Justin Bieber: Tween dream

BIRD flu was a mere flutter while swine flu arrived with a squeal then left with a grunt - but Bieber Fever seems to have caught everyone by surprise.

In less than a year, this epidemic has taken hold of tweenagers with symptoms including raving Tweeting, repeated viewing of YouTube, near-riots at airports and shopping centres and, in one isolated case, the stealing of a small boy's hat.

The source of the outbreak can be traced back to Canada - and who knew that big teeth, moppy hair and a voice high enough to make dogs wince three streets away could prove so devastating to the under-16s, whilst leaving grown-ups and contemptuous big brothers and sisters unaffected?

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Justin Bieber, boy pop star, is currently the most talked-about person on Twitter, drowning out almost every other social media conversation. This week he also became the most searched for celebrity on the internet - even outstripping singer Lady Gaga, the publicity-seeking missile who combines the dress sense of Cher with the reticence of Brian Blessed.

Adoring Bieber more or less ensures future embarrassment for his fans, but right now the 5ft 3in Canadian is an object of desire who jets around the world, hangs out with President Obama and his family, and sang the opening lines on the celebrity-stuffed charity song for Haiti.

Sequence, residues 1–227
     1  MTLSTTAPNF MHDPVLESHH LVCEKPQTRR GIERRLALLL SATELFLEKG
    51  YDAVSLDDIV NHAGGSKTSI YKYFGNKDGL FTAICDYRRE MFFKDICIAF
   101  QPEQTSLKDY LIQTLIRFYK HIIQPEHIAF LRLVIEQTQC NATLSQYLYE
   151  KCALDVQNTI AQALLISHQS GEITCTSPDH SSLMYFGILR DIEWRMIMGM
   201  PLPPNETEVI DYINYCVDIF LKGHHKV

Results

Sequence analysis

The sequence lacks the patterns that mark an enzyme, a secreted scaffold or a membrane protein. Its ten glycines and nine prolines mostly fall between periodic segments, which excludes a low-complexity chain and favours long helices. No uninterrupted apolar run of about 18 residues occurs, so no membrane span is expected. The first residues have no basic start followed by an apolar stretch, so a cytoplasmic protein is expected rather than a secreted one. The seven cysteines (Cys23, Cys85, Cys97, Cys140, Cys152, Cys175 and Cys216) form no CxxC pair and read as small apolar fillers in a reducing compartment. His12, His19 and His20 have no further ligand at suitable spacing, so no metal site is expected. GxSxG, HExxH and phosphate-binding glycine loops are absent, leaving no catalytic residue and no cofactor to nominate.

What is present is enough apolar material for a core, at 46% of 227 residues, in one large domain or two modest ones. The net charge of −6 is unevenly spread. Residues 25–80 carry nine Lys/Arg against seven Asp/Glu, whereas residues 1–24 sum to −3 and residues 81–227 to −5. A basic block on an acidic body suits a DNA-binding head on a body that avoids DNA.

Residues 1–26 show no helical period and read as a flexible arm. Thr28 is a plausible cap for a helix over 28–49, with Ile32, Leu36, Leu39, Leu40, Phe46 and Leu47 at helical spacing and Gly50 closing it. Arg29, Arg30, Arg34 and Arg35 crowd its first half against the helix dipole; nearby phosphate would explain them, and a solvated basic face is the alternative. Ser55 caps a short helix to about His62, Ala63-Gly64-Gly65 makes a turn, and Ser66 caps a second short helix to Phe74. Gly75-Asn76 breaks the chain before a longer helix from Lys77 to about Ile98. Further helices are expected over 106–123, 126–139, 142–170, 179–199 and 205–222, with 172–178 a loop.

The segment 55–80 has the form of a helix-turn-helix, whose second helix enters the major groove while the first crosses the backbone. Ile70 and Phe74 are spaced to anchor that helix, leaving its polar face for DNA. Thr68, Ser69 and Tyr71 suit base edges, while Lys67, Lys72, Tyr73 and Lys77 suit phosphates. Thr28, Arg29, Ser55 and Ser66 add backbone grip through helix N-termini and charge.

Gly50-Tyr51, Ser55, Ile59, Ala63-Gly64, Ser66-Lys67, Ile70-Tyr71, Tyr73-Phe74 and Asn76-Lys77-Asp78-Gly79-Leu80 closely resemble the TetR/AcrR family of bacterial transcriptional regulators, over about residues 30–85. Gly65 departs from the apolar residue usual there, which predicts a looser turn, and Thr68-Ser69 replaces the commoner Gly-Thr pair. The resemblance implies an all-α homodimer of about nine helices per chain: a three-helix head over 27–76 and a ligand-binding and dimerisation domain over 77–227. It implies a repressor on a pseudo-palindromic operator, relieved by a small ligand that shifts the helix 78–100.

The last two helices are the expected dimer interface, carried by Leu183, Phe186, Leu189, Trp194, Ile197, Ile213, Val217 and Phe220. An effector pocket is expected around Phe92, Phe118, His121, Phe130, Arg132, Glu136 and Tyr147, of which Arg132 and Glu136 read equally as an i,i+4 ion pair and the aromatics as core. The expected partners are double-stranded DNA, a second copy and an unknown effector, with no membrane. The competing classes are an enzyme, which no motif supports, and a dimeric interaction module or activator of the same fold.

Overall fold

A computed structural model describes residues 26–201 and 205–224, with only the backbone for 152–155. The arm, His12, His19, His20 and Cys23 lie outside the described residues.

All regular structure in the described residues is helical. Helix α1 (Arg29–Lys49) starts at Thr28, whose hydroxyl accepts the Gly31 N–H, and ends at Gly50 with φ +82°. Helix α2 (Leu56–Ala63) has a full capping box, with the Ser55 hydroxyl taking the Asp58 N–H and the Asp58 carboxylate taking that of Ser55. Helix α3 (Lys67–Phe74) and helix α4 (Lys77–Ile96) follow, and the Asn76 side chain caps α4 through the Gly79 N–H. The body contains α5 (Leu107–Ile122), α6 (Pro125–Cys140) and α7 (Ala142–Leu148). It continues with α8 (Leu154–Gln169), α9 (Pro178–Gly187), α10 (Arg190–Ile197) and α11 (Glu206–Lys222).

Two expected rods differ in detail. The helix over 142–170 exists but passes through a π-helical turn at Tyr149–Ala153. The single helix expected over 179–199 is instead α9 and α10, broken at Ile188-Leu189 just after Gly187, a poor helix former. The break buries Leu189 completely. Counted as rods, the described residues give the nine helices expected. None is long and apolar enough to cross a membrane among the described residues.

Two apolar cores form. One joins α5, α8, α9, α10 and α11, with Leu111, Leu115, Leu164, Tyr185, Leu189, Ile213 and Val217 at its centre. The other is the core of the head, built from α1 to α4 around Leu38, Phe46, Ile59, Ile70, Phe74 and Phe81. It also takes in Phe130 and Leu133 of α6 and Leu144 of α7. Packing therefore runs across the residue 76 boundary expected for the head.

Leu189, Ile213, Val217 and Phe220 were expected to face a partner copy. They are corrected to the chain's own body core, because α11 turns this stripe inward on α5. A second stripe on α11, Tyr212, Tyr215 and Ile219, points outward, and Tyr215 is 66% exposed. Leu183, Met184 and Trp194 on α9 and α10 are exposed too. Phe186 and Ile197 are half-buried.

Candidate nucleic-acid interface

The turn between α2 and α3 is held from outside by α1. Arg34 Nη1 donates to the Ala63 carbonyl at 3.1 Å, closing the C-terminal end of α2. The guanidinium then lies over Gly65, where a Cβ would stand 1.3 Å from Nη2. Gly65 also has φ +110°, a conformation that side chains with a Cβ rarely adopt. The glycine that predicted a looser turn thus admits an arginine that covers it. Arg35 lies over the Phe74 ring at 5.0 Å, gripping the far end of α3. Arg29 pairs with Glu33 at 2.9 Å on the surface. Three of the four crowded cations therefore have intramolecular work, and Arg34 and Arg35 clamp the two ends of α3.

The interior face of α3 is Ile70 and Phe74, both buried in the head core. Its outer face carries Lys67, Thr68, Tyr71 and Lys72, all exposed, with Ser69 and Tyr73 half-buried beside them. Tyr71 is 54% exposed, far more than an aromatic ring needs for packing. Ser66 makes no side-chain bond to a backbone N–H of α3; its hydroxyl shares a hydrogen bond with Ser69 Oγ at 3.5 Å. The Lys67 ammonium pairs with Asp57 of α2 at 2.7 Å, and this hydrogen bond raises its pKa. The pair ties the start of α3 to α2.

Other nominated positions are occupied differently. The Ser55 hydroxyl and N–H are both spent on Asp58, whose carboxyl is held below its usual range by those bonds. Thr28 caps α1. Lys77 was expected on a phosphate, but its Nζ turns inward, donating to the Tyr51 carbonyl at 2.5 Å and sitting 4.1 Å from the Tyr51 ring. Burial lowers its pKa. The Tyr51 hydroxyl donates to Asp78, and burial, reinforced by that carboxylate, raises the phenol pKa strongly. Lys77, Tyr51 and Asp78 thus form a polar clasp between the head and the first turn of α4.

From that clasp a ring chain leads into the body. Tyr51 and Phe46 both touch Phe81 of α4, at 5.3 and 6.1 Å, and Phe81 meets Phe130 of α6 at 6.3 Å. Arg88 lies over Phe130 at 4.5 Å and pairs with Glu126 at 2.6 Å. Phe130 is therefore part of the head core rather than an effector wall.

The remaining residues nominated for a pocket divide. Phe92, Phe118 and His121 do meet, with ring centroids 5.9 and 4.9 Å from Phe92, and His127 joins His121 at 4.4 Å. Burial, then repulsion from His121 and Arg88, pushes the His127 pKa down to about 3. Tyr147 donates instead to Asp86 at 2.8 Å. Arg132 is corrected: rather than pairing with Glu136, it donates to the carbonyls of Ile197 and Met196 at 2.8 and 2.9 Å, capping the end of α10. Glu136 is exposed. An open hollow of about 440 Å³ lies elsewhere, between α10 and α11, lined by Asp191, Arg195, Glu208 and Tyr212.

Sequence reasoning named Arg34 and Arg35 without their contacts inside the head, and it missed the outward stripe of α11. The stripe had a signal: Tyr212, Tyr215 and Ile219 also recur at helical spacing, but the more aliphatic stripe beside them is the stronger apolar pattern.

An appearance at a New York shopping mall caused such chaos that his manager is now facing a court case, and a flying visit to New Zealand prompted Bieber to Tweet reprovingly: "Finally got to New Zealand last night. The airport was crazy. Not happy that someone stole my hat and knocked down my mama. Come on people."

Musically, Bieber isn't that different from other teen idols; he sounds like Justin Timberlake before he left *NSync, or Hanson before they all left puberty. His songs are packed with mild hip-hop, spinclass-friendly beats, fizzy falsettos and squeaky clean gosh-I'd-like-to-take-you-out-for-lemonade-sometime lyrics. Songs such as One Less Lonely Girl, Love Me and Favourite Girl make it clear that Justin is aimed at a demographic for whom Hannah Montana seems a bit edgy and dark.

The difference is that unlike the Jonas Brothers, Miley Cyrus, Steps or David Cassidy, Justin Bieber wasn't propelled to fame by a popular TV show. He didn't even benefit from a tsunami of radio coverage. More than any singer, even Lily Allen or Susan Boyle, he is an internet phenomenon. Aged 13, he came second in a talent show and his mother Pattie put his song on YouTube. There he was starspotted by Scott Braun while scouting for someone else entirely, because he happened to click on a related link.

Braun used YouTube to build up Bieber's fanbase, feeding the site with artfully homemade-looking videos of Bieber singing to the camera, occasionally emphasising sincerity by thumping his chest or, accidentally, his stomach.

Some 85 million hits later, the baby-faced Canadian had both Justin Timberlake and R&B star Usher bidding to sign him to their labels. (Usher won.)